Hi Lonita, thanks for taking time to chat to me. Where in Indonesia are you originally from?
I grew up in Jakarta, and had a wonderful childhood and teenage time. Being able to live in a country with such diversity has made me become a more tolerant person, more flexible, respectful towards others, and appreciate their differences. I don't remember any bad things about growing up in Jakarta.
Did you write as a child?
I have always been writing, mostly diaries. My first ever words would have definitely been 'Dear Diary.' My mother knew about it from the very beginning. I did win few writing contests at school too though, but oddly I never opted to be a writer; I used to think that it was just a hobby.
What is your job now?
Currently I am an advocate at WCCI (Women's Crisis Care International). We advocate women who are the victim of domestic violence and sexual assault here in Bahrain. There are more than sixty-five advocates in WCCI, women with excellent backgrounds and from all walks of life, and I do admire each and every one of them for what they do and contribute in life. The main issue that effects women in the Middle East - and everywhere - is the concept that women must not reach their potentials. Lack of knowledge and / or ignoring the facts that women too have a right to live, and live on their own terms. Domestic violence is mostly hidden in the Middle East - it is something that occurs behind closed doors, and outside the home women must just pretend with her smiles. Our role is to advocate them; letting them take back control of their lives and – mainly - just to there for them.
Does this often very difficult work inspire your poetry in any way?
Yes, sometimes the role I do at WCCI does inspire my poetry. because my poetry is about the beauty of pain. Also, I want to write poems inspired by the advocates too, because they are the unsung heroes; I would love to 'spill my ink' for them.
It seems poetry is in your heart?
Yes, I am a poet at heart and for the past couple of years writing poetry has been a love affair for me. I do have a real love for words; they play in my mind like children play in playground. But, unlike before, the love I have for words has significantly increased; they are now like my passion that needs to get the touch of my ink. It has been developing with the passage of time, especially with the silent personal struggles that I have been carrying with me for years.
What writing projects are you working on at the moment?
Currently I am working on two poetry books, which I hope would be published soon. The first book's theme is about the journey of my brokenness, the chapter of my life which I then break down into three smaller chapters; Daydreaming, Words of Sunset and Moonlight. The second book is a eulogy for my lost soul. I didn't find any difficulty in writing these books, in fact they flew... just like that!
Apart from your life and its challenges, what other things inspire you the most?
The things that inspire me the most are the philosophy behind sunset, ocean, crescent, and autumn. There is a beauty about leaving, about depth, and about imperfection. My poetry is more about the beauty of heartache, of being heartbroken, sadness, and of a letting go. The reason is that I love to see beauty in everything, including sadness and darkness.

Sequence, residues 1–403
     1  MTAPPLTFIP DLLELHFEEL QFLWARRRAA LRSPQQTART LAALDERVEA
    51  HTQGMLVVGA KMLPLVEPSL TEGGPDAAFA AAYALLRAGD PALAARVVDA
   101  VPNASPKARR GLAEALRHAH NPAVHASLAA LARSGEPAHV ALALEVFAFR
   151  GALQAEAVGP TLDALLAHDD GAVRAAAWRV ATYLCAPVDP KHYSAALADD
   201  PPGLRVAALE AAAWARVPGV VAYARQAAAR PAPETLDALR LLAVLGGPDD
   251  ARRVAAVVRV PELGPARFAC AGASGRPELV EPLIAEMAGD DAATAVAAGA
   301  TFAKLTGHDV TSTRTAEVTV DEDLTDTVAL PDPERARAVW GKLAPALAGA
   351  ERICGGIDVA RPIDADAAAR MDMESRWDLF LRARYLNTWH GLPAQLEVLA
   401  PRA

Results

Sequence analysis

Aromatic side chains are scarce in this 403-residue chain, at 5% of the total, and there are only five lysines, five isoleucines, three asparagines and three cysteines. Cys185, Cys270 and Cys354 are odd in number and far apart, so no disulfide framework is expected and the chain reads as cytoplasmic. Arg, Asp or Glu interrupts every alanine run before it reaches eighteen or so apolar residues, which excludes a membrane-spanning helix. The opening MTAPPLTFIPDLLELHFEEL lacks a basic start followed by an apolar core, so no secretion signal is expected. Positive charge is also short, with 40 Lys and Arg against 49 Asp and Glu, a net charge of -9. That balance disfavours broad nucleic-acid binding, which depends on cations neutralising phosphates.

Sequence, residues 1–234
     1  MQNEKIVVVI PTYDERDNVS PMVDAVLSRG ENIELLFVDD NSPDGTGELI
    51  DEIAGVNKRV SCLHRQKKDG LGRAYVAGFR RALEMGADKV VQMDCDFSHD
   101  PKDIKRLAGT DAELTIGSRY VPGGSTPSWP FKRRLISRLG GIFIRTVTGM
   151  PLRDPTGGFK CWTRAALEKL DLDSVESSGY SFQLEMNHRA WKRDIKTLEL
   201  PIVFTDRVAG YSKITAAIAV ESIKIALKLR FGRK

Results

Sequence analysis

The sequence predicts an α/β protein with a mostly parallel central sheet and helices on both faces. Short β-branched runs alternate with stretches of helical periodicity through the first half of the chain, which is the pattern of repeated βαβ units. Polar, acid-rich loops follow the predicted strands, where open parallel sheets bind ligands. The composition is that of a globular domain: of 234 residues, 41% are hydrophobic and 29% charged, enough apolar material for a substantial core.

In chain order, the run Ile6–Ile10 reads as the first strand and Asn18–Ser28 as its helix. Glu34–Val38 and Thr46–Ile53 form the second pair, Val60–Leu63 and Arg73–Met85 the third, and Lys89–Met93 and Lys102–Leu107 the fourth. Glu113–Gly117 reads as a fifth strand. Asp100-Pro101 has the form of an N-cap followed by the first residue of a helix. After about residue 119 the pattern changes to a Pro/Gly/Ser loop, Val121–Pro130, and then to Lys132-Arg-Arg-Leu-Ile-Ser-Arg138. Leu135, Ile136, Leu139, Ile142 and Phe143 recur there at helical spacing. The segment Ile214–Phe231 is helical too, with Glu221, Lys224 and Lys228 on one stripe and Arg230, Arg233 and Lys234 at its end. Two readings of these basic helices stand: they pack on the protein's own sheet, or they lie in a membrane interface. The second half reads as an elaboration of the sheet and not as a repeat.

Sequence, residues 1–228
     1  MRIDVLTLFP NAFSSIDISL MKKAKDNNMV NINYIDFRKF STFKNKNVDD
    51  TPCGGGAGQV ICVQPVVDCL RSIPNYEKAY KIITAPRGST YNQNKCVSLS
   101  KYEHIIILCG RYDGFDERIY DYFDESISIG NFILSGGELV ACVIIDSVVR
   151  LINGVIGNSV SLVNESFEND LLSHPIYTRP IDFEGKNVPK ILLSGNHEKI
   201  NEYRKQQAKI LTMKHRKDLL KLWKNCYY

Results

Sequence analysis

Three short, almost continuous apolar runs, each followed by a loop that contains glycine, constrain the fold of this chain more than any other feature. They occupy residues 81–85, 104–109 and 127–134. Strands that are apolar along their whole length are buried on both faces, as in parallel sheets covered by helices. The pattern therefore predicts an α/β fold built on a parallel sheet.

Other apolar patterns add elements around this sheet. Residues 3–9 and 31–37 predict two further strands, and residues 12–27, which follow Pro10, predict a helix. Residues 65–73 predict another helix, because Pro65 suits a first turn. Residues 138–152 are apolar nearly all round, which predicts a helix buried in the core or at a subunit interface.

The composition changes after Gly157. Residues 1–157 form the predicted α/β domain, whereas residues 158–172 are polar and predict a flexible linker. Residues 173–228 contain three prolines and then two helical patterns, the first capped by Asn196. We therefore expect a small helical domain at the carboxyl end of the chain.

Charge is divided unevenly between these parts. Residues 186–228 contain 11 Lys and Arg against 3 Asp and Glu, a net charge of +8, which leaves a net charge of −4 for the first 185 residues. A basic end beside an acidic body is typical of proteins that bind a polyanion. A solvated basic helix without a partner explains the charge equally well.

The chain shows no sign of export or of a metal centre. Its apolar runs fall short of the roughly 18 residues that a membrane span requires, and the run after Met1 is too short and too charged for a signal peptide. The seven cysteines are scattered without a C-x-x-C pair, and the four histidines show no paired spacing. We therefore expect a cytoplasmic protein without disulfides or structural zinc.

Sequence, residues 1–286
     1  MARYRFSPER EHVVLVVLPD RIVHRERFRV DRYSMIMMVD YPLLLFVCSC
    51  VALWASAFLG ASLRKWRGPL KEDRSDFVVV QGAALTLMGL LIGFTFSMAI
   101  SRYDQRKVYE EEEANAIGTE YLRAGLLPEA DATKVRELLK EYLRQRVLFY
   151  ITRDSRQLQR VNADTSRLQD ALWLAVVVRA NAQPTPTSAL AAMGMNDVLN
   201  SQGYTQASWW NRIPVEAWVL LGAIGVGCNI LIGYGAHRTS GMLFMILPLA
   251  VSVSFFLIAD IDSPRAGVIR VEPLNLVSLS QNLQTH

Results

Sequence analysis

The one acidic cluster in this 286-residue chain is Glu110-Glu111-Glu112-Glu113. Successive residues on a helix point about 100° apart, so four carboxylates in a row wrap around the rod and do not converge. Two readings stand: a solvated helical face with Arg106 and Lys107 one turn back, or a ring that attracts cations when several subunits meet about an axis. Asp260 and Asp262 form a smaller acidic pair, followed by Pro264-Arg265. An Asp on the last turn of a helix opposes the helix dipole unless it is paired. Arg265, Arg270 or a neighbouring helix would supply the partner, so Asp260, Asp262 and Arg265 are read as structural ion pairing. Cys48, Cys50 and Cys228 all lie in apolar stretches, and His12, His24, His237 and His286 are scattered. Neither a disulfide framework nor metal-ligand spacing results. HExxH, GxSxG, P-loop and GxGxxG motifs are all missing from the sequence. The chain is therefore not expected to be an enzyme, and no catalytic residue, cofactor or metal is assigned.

And how are these inspirations transferred onto paper?
The process of transforming that initial moment of inspiration into actual words on paper happens to me just like that! Suddenly the words just flow. For example, I would see a beautiful sunset while driving and suddenly I'll feel like writing about it, but it has to have a connection with the beauty of sadness. I do keep small journal with me too, but there are times when I write on my mobile phone, and later would then refine it into a final poem.
You seem to be able to write anywhere, but is there anywhere special you like to write?
Yes, the coffee shop! I always love a coffee shop. I could sit in any coffee shop, anywhere and write poems all day long. I love the dynamic situation that it offers me; the people who chat, the sound of coffee machine, the voices of people's orders, the laughter, the smiles, and of course the smell of coffee! I am a coffee addict.
What other plans do you have?
Currently I am in charge of WCCI advocates' scheduling and the WCCI newsletter, because I want to learn more about administration work of WCCI as it involves discipline in time management, communication, patience, dedication and professionalism. I am also preparing myself for the Bahrain Writers Circle (BWC) poetry event in April, which helps me in my public speaking as I would narrate my poetry on stage in front of public! I am also managing an Open Mic event which are quite rare in Bahrain so I jumped at the chance right away!
What are your three most favourite books and why?
My three favourite books are: IT by Stephen King - I love thrillers and love reading a book in which I my curiosity is expanded in every page, so that it would be difficult to put the book down, and IT is one of those books. Lang Leav Poetry books. Since I have started writing poetry, I have added poetry books into my collection, and Lang Leav is the one who is close to my heart. She writes so eloquently. And 40 Rules Of Love by Elif Shafaq - because I can relate to the story - it feels good when an author writes something that make us relate to our own personal lives.
Lastly, what does writing mean to you?
Writing means everything to me, it is my passion. I couldn't imagine doing anything else other than writing poetry.
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